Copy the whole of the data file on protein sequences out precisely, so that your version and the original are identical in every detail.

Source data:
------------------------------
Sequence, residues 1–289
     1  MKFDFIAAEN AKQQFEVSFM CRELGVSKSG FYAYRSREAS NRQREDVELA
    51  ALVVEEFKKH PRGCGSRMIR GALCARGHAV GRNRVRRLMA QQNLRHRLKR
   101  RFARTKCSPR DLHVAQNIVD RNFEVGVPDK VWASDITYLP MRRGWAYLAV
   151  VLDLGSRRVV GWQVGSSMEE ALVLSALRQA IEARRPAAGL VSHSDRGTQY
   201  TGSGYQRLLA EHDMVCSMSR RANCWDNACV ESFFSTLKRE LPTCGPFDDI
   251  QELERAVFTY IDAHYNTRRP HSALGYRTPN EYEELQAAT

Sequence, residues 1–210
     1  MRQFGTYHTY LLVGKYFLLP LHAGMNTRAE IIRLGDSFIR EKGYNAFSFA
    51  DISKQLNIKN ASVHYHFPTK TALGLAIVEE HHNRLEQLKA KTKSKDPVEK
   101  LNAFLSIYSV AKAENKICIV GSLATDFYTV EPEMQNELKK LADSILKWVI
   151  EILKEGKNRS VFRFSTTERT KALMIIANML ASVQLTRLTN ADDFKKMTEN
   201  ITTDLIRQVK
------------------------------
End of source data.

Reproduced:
Sequence, residues 1–289
     1  MKFDFIAAEN AKQQFEVSFM CRELGVSKSG FYAYRSREAS NRQREDVELA
    51  ALVVEEFKKH PRGCGSRMIR GALCARGHAV GRNRVRRLMA QQNLRHRLKR
   101  RFARTKCSPR DLHVAQNIVD RNFEVGVPDK VWASDITYLP MRRGWAYLAV
   151  VLDLGSRRVV GWQVGSSMEE ALVLSALRQA IEARRPAAGL VSHSDRGTQY
   201  TGSGYQRLLA EHDMVCSMSR RANCWDNACV ESFFSTLKRE LPTCGPFDDI
   251  QELERAVFTY IDAHYNTRRP HSALGYRTPN EYEELQAAT

Sequence, residues 1–210
     1  MRQFGTYHTY LLVGKYFLLP LHAGMNTRAE IIRLGDSFIR EKGYNAFSFA
    51  DISKQLNIKN ASVHYHFPTK TALGLAIVEE HHNRLEQLKA KTKSKDPVEK
   101  LNAFLSIYSV AKAENKICIV GSLATDFYTV EPEMQNELKK LADSILKWVI
   151  EILKEGKNRS VFRFSTTERT KALMIIANML ASVQLTRLTN ADDFKKMTEN
   201  ITTDLIRQVK